Introducing two new options for handling food scraps!

Did you know that food waste accounts for a third of household trash and is a significant greenhouse gas contributor? Compost and save money on your trash bill:

1. Bring your food scraps to the transfer station to be composted in the leaf pile. It is free and the finished compost is free. To learn more contact the Mansfield Recycling Coordinator at 860-429-3333 or

2. Set up a backyard compost pile using a homemade or purchased compost bin. To help you get started, we have free chicken wire compost bin kits and compost coaches on hand to assist you. Contact us at 860-429-3333 or

3. Use strategies to prevent wasted food.


Learn How one Resident Benefits from Composting At the Transfer Station

How To Compost

There are some simple ways you can help these organisms speed up the process.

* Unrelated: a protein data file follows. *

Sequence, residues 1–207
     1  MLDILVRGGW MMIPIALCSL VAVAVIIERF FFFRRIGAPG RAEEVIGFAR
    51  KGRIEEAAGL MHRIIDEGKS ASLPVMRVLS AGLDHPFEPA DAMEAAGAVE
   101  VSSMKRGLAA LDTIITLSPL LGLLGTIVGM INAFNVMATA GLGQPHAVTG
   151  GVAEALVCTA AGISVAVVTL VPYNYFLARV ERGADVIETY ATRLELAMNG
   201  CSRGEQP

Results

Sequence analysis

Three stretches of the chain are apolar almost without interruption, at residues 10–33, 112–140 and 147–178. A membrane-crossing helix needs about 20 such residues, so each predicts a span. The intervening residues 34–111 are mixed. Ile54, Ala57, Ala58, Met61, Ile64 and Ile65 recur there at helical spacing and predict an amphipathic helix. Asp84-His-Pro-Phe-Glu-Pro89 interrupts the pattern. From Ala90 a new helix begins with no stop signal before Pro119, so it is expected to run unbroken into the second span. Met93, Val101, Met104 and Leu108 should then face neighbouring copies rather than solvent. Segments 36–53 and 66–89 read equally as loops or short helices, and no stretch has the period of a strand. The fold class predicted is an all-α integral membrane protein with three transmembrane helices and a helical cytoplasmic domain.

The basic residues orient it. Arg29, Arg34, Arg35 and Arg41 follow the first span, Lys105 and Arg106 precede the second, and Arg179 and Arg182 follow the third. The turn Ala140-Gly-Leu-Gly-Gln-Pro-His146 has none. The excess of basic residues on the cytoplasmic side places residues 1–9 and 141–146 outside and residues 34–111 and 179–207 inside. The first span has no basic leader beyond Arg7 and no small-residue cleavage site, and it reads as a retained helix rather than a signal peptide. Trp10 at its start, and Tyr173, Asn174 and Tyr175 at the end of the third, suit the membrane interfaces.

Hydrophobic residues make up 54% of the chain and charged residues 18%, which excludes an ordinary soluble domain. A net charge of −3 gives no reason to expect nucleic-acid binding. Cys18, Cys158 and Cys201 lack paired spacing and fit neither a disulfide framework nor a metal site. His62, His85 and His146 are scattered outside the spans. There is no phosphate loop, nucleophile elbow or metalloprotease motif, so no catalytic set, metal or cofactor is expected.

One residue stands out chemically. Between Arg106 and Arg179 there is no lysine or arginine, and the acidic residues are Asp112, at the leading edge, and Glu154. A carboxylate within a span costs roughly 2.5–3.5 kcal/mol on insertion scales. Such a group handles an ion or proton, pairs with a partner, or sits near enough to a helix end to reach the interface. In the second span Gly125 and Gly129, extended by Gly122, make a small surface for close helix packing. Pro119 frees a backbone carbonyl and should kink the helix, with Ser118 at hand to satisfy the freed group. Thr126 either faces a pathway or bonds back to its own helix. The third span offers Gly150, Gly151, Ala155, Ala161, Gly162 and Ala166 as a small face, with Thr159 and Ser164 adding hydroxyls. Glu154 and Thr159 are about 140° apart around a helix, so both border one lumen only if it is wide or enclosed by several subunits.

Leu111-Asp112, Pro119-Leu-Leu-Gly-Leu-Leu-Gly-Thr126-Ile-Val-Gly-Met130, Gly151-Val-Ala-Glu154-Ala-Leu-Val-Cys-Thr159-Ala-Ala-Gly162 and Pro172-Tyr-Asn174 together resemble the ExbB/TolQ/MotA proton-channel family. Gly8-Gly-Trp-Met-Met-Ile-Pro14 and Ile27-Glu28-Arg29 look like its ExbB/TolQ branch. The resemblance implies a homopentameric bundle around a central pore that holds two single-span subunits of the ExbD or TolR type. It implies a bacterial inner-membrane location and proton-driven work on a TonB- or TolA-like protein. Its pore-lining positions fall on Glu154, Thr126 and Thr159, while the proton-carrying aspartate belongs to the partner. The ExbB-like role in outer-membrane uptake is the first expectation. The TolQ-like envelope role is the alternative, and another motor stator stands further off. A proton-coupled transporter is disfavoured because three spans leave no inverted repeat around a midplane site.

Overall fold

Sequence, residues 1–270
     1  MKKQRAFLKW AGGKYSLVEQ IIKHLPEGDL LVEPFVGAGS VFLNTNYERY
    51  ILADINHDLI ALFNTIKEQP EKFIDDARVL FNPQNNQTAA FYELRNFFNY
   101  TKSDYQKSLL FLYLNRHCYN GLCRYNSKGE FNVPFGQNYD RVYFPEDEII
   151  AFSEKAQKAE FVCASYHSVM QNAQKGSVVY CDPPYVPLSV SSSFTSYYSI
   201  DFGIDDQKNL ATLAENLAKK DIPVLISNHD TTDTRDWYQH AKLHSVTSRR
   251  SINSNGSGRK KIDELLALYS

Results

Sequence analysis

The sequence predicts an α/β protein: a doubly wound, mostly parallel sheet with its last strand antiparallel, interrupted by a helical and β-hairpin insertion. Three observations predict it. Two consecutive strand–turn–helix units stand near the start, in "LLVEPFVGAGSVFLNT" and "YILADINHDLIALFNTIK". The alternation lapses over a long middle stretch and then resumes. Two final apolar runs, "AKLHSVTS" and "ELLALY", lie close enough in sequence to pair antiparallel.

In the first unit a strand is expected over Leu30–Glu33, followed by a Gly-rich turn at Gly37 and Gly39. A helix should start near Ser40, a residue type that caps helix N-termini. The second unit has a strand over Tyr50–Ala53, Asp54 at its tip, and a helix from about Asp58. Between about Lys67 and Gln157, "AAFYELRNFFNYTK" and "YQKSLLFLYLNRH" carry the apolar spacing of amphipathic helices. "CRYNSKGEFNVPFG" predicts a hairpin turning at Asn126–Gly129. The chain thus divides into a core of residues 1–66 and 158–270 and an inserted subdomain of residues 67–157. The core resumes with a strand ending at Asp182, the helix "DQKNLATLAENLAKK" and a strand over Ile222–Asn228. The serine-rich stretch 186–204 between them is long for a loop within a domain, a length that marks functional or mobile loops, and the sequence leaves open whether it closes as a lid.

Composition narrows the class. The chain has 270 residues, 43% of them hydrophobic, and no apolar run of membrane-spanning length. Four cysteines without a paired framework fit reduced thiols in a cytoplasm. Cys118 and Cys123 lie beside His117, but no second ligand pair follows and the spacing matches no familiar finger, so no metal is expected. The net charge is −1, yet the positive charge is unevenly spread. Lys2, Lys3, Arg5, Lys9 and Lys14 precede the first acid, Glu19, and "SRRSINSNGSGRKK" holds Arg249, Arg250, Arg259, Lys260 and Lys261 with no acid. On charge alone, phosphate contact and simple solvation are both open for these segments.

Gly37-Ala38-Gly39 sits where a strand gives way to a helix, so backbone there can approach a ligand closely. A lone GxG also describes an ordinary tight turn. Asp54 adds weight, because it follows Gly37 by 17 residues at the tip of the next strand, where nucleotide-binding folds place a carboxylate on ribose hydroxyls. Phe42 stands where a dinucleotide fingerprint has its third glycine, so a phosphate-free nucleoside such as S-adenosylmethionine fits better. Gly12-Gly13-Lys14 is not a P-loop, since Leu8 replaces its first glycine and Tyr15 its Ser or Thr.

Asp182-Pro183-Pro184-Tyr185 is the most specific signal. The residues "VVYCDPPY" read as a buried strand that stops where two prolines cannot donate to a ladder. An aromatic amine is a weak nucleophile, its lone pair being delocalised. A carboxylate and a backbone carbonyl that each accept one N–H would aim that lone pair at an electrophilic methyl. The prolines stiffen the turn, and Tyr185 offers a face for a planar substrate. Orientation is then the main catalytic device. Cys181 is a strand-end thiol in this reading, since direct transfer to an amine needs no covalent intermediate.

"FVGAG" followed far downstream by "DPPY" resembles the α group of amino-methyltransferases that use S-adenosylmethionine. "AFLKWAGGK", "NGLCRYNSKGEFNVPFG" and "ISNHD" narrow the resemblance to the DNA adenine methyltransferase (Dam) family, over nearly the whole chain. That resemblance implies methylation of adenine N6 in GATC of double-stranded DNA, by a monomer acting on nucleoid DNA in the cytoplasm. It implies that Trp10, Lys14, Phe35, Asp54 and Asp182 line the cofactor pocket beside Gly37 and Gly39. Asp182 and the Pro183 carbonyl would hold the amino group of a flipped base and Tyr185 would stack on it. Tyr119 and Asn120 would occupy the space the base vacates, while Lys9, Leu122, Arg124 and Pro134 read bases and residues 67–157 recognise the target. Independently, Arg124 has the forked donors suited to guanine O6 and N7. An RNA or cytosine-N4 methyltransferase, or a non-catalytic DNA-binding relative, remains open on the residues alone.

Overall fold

• Make a pile at least 3 feet high by 3 feet wide by 3 feet long. You can use a commercial bin, chicken wire, wood pallets, or no enclosure at all.
  • Start by making the pieces small. Ice will melt faster if you break it into small pieces; the same is true with decomposing materials.
  • Feed your compost critters a "balanced diet" of roughly one part succulent "green" trimmings to three parts woodier "brown" materials in alternating layers.
  • Maintain a balance of moisture and air. Compost critters need oxygen and water. Keep your compost moist but not dripping wet. Keep the pile well aerated by thoroughly mixing it, or by occasionally turning it.

Your finished compost will be dark, crumbly, earthy-smelling and resemble rich soil. Use it as a garden mulch, a soil amendment, or with potting mix.

compost photo 2020-05-20 111027 – How to Make Compost When You are New to Composting – Composting 101 – A Beginners Guide to Composting – Vermicomposting 101


Good Compost Material

Browns (Carbon Rich)Greens (Nitrogen Rich)
Flowers and Stalks Grass Clippings
 Hedge Prunings Fruit & Vegetable Peelings
 Twigs Pits
 Autumn Leaves Seeds
 Sawdust & Shavings  Cores & Rinds
 Shredded Paper Bread & Grains
 Cardboard Non-animal Kitchen Scraps & Plate Scrapings
 Corn Cobs Coffee Grounds & Filters
 Stalks Tea Bags
 Silage Barnyard Manure
 Straw Annual Weeds
  House Plant Leaves